Debunking animal myths-A A +A
Saturday, August 18, 2012
IF YOU’VE ever had a rabbit, you’ve probably at least once tried feeding it a carrot. Then you thought it looked cute that he was nibbling on it with his little rabbit teeth and you remembered that, according to your “sense of commons,” rabbits adored carrots.
However, a rabbit on a steady diet of carrots would be equivalent to a human on a steady diet of nothing but chocolate. Would they like it? Of course they would! But is it good for them? No, not at all.
Just like a human being fed nothing but chocolate forever, a rabbit would eventually keel over and die from eating just carrots.
Several misconceptions about our pets and animals in the wild have led to some pretty bad situations. For example, it’s a common belief that mother birds will abandon their chicks if a human touches them. The common misconception is that a bird won’t care for a hatchling if it has “eau de human” sloshed all over it. This, of course, is wrong.
While touching a bird may freak it out, the mother will still care for it upon her return. It’s generally ill-advised to touch them just the same though. Being picked up by a giant would be a traumatic experience for any baby animal.
Then there’s the thing with bats: they’re not blind. Just because they use sonar to navigate at night doesn’t mean their eyes aren’t fully functional. Some species see as well as dogs, and that’s far from being blind. Speaking of dogs...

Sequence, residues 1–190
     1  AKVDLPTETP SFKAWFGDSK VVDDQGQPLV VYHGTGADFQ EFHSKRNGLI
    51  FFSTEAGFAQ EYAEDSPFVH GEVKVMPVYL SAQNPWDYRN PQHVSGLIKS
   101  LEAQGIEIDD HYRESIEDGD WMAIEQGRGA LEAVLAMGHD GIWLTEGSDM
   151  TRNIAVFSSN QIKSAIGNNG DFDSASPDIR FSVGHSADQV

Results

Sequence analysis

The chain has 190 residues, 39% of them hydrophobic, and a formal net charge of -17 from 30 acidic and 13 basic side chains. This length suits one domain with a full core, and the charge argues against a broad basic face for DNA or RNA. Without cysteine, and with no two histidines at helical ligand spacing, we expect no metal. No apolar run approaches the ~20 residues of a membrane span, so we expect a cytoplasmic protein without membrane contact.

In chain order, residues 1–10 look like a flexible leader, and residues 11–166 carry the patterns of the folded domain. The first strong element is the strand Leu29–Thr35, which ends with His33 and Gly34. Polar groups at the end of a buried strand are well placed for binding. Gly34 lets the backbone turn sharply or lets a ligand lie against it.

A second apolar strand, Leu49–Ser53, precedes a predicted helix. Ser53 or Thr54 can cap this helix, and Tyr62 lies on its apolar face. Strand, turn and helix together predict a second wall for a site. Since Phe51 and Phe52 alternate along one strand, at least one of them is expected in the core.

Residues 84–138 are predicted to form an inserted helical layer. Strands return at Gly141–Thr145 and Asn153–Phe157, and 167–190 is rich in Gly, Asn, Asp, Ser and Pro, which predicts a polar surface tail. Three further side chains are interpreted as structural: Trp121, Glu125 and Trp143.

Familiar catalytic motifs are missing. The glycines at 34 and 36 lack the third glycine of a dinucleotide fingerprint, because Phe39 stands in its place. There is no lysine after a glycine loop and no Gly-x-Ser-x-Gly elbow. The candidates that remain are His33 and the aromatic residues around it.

Dogs can see in color. According to Dr. Dawn Ruben, doctor of veterinary medicine at the University of Missouri, dogs do see in color, but their perception of color is not the same as it is for people. They cannot distinguish between red, orange, yellow or green. They can see various shades of blue and can differentiate between closely related shades of gray that are not distinguishable to people.
When comparing dog and human vision, people are better at depth perception, color perception and seeing minute details of an object. Dogs are better at seeing in dim light, responding to an image rapidly and detecting the slightest motion. They also have better peripheral vision, depending on the type of dog.
Dogs with long snouts like Dobermans and Dachshunds have great peripheral vision because their eyes are on the sides of their face. Pugs and bulldogs however, have horrible, horrible peripheral vision, which makes sneaking up on a sleeping pug really easy.
Speaking of ease, you may think it’d be easy for a camel to travel in the desert because of all that water stored in those humps of theirs, right? Wrong. I had a camel skin water jug once, and that made-for-the-tourist Egyptian trinket didn’t retain water at all.
Camels store fat in the humps, so no, you won’t yield water when you cut open a camel’s hump. If you try really hard, you’ll be able to squeeze some out of it though.
Camels don’t dehydrate primarily because of the way they were designed. They have different cellular structures from humans, allowing them to stay cool for much longer than a human can.
And speaking of temperature, let’s go back to dogs. If you want to tell if a dog is sick, you touch his nose and if it’s warm, he’s got a fever, right? Wrong again. That’s a myth. I’m touching my dog’s nose right now and he’s getting very upset because I’m waking him up, but I know he’s not sick because he was jumping all around the room right before he decided to go to sleep.
The only accurate method to access a dog's temperature is to take it with a thermometer. Normal dog temperature is 100.5 to 102.5 degrees F.
Also, I have to stop poking my pets on the nose—they really don’t like that. I’ve already been bitten a couple of times.
Published in the Sun.Star Bacolod newspaper on August 18, 2012.